17 Apr 2014

Finances are personal. So much so that we have rules and laws in place to protect confidentiality, so others don’t know how much we make, how much we have in the bank, or what our tax forms look like. But have you ever considered that in some ways, society is teaching us to be ultra-protective of financial and other personal information to the degree that it has also influenced our private lives? As a result, we keep the most important people out-of-the-loop when they really should be in-the-know!

Both before and after my wife Lauren and I got married, I could tell that while Lauren was interested in occasionally knowing where we were at financially, I was much more interested in handling the daily ins and outs of our finances as a couple. Given my passion for personal finance and her gladly relinquishing investing and other financial responsibilities to me, I felt good about taking on this role so she didn’t have to think about it. It seemed like a win-win – but was that really the best idea?

Similarly, the other day I was thinking about some very dear family of mine. My parents, my two siblings and I are the closest family they have, so we plan to take care of them and look out for their best interests both now, and in the future when they are no longer able to do so for themselves. Reflecting on that responsibility, I suddenly realized that I knew nothing about the resources or planning they have done to date. How would I help manage for their care down the road as they age or (Heaven forbid) in the case of an emergency? Where would I even start?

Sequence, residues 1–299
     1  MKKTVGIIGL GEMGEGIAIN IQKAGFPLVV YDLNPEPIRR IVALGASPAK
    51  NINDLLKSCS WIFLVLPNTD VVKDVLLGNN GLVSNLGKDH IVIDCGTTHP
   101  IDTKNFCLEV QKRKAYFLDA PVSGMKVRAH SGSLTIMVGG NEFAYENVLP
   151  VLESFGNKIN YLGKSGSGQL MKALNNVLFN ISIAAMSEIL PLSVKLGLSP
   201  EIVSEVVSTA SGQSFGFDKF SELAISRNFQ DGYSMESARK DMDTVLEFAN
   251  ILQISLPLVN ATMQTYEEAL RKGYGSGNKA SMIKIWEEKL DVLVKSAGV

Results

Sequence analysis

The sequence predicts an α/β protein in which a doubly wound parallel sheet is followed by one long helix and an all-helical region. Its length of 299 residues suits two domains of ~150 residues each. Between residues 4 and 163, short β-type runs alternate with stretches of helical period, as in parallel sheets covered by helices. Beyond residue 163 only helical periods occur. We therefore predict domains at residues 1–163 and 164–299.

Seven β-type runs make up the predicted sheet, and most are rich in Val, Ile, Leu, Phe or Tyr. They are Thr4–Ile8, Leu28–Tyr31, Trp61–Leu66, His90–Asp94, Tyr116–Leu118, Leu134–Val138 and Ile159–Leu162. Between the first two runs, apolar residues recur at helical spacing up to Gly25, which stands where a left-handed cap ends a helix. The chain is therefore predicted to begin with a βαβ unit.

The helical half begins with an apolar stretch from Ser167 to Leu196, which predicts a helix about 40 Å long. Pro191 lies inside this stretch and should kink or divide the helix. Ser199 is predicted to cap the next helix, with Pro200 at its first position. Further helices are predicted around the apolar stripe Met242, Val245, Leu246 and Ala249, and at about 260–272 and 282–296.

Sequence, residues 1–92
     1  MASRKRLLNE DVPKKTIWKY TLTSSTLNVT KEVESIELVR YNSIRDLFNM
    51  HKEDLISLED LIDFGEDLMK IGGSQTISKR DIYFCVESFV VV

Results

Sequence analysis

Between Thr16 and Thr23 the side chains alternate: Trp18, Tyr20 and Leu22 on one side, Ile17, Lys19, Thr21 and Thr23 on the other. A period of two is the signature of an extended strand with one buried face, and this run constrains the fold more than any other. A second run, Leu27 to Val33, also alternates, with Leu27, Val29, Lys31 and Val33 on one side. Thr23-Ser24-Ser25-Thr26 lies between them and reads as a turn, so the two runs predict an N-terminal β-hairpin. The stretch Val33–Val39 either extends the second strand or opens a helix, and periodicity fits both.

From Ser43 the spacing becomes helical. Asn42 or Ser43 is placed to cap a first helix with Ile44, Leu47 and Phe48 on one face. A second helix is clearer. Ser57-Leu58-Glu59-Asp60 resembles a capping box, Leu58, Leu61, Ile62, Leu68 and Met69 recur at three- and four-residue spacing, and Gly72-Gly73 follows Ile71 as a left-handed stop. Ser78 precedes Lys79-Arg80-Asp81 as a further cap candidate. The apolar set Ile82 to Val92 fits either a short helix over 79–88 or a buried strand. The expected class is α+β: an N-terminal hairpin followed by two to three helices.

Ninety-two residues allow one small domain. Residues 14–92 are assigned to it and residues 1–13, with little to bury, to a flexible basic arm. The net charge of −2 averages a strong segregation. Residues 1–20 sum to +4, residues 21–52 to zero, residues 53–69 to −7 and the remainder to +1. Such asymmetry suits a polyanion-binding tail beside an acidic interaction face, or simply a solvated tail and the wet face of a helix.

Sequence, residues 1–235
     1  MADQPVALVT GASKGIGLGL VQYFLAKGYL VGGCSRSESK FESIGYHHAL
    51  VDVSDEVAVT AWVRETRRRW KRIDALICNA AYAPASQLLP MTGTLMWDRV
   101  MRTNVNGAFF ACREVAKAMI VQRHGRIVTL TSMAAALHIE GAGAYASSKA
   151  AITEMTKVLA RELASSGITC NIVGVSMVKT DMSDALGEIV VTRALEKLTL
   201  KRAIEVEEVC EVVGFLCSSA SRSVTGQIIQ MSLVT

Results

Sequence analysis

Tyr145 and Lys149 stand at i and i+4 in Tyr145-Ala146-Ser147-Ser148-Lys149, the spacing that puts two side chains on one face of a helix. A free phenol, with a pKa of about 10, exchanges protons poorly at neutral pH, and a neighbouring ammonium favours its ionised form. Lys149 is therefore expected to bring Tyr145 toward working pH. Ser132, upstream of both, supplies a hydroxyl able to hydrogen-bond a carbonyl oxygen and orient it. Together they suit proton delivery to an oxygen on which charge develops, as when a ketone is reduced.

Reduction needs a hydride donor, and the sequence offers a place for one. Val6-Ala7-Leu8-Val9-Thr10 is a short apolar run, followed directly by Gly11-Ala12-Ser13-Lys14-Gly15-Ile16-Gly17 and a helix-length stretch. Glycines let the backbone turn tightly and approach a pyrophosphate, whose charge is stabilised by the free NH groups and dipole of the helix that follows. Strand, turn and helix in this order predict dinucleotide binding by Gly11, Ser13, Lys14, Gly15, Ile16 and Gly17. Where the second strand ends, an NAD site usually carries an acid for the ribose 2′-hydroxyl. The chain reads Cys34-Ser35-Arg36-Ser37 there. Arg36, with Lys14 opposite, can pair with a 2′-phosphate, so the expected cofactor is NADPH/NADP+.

Sometimes when we feel we’re doing our spouse a favor by keeping track of the family’s money so “they don’t have to think about it”, we may actually be doing them a huge disservice by unintentionally keeping them in the dark. The same can be said about those who do not have a spouse, but whose loved ones, beneficiaries, or heirs are similarly out-of-the-loop. If nothing is shared with them, they will be left in the dark.

Finances aren’t always fun or easy to talk about, but it is imperative that we do talk about money. At All Star Financial, we often stress to our clients that they should bring their spouse, significant other and children along to our regular quarterly reviews to ensure no one is being left in the dark.

Please give us a call and we can help you develop a game plan to get your family in “the know”.

This link will take you to an article that I think provides some great tips. Overall, the article is geared more towards couples, but many of the tips can easily be applied to those not in a relationship as well.

http://www.getrichslowly.org/blog/2010/01/26/how-to-talk-with-your-spouse-about-money/

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About the Author
Josiah Larson


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